The Editors’ Guild of Bangladesh today termed the Al Jazeera’s documentary titled “All the Prime Minister’s Men” as an example of “bad journalism”, saying that it violated journalistic ethics in many ways and was politically motivated and biased.
“Though the entire documentary was made centering a family, the title was “All the Prime Minister’s Men,” said a statement signed by Editors’ Guild President Mozammel Babu on Sunday, reports BSS.The Editors’ Guild, an association formed to protect editorial freedom and promote responsible journalism in the country,
said that the documentary was titled “All the Prime Minister’s Men” without any evidence mentioning allegations published earlier by different media, which is “bad journalism”.
The documentary which is politically motivated and biased can never be an example of investigative journalism, the Editors’ Guild observed.
“The documentary is based on some informal talks. No acceptable evidence was presented to prove that,” the statement said.
Millions of Euros, according to the documentary, were invested in Hungary and France, but no source of the fund was shown in that, it said, adding, “There were only verbal statements about money transactions to help get government projects. Al Jazeera could not show any official statements of the European Union or countries concerned in support of those allegations”.
The original copy of email threatening Sami with life was not shown in the documentary, which made the credibility of reported threat questionable, the Editors’ Guild pointed out.The Editors’ Guild also questioned the acceptability of the report as it did not have statements from the governments of the countries – Hungary, France and Malaysia – where the people were shown to have travelled with forged documents, passports and laundered money.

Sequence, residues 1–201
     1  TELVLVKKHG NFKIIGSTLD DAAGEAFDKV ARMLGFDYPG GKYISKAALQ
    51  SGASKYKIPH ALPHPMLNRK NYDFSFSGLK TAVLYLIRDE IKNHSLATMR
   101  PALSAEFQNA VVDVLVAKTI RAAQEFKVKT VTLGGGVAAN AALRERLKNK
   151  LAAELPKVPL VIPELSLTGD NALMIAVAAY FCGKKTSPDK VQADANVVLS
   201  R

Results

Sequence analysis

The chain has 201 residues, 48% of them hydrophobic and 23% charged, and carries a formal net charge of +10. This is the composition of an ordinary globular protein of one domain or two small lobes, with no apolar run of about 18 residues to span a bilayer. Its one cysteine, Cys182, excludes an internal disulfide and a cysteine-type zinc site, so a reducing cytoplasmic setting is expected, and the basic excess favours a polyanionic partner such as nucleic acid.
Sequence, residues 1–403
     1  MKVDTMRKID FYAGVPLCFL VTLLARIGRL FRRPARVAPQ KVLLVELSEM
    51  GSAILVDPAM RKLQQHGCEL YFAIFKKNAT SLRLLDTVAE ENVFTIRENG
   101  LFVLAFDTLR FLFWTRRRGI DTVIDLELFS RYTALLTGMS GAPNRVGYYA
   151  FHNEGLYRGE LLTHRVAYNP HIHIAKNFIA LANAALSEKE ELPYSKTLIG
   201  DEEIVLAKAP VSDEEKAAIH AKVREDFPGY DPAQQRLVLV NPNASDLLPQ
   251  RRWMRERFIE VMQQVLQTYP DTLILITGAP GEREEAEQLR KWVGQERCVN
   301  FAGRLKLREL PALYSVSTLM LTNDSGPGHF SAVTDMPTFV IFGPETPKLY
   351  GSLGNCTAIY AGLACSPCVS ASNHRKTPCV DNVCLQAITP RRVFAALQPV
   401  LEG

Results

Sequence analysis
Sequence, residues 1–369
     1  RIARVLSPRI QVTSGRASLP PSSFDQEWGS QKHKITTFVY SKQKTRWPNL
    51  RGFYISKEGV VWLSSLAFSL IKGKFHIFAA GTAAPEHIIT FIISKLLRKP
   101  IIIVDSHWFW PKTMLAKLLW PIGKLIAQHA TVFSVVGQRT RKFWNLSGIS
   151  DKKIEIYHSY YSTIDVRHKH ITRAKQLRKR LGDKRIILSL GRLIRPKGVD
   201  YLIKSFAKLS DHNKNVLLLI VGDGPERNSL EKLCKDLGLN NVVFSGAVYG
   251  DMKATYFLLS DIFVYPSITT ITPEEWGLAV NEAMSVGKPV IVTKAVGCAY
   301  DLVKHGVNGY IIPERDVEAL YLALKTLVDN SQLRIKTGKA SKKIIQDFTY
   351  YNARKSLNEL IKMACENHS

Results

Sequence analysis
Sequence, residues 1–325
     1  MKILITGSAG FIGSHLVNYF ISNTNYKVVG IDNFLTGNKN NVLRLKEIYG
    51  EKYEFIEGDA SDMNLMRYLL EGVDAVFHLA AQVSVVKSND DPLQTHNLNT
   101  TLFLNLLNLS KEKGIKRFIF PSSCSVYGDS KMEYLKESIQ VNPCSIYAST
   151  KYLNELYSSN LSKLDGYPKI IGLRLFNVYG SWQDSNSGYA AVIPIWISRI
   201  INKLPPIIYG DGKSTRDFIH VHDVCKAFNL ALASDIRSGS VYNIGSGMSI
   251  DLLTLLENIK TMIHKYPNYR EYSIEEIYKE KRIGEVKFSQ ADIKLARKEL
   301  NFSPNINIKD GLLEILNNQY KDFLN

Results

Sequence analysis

The footage shown in the documentary was captured with hidden camera, which should not be done by a standard media outlet, the Editors’ Guild said, adding, “The documentary goes against journalistic norms as there were no statements of the accused shown in it”.
“The Editors’ Guild thinks that Al Jazeera’s comments—they (accused) were contacted but could not be reached for comments—were unacceptable after their two-year-long investigation,” it said.
Purchasing spyware is a government policy but the documentary showed no evidence of it being purchased from an Israeli company, the statement said, adding that the documentary cunningly showed a blurred image of supposedly Israeli officials, saying they did not want to be named.
The statement said, “One of the interviewees in the hour-long documentary was punished by a Bangladeshi court.”
The Editors’ Guild welcomes any report or programme that is made based on evidence. But a motivated report hampers democracy and journalism as well, the statement added.